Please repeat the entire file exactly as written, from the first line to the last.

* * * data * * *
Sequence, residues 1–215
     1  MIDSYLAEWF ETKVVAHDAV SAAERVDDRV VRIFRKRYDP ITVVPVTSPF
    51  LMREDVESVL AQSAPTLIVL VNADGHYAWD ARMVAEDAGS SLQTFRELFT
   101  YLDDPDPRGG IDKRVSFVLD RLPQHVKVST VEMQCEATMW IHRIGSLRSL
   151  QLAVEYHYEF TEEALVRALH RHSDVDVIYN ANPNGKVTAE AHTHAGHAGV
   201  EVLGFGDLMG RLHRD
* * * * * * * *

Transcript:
Sequence, residues 1–215
     1  MIDSYLAEWF ETKVVAHDAV SAAERVDDRV VRIFRKRYDP ITVVPVTSPF
    51  LMREDVESVL AQSAPTLIVL VNADGHYAWD ARMVAEDAGS SLQTFRELFT
   101  YLDDPDPRGG IDKRVSFVLD RLPQHVKVST VEMQCEATMW IHRIGSLRSL
   151  QLAVEYHYEF TEEALVRALH RHSDVDVIYN ANPNGKVTAE AHTHAGHAGV
   201  EVLGFGDLMG RLHRD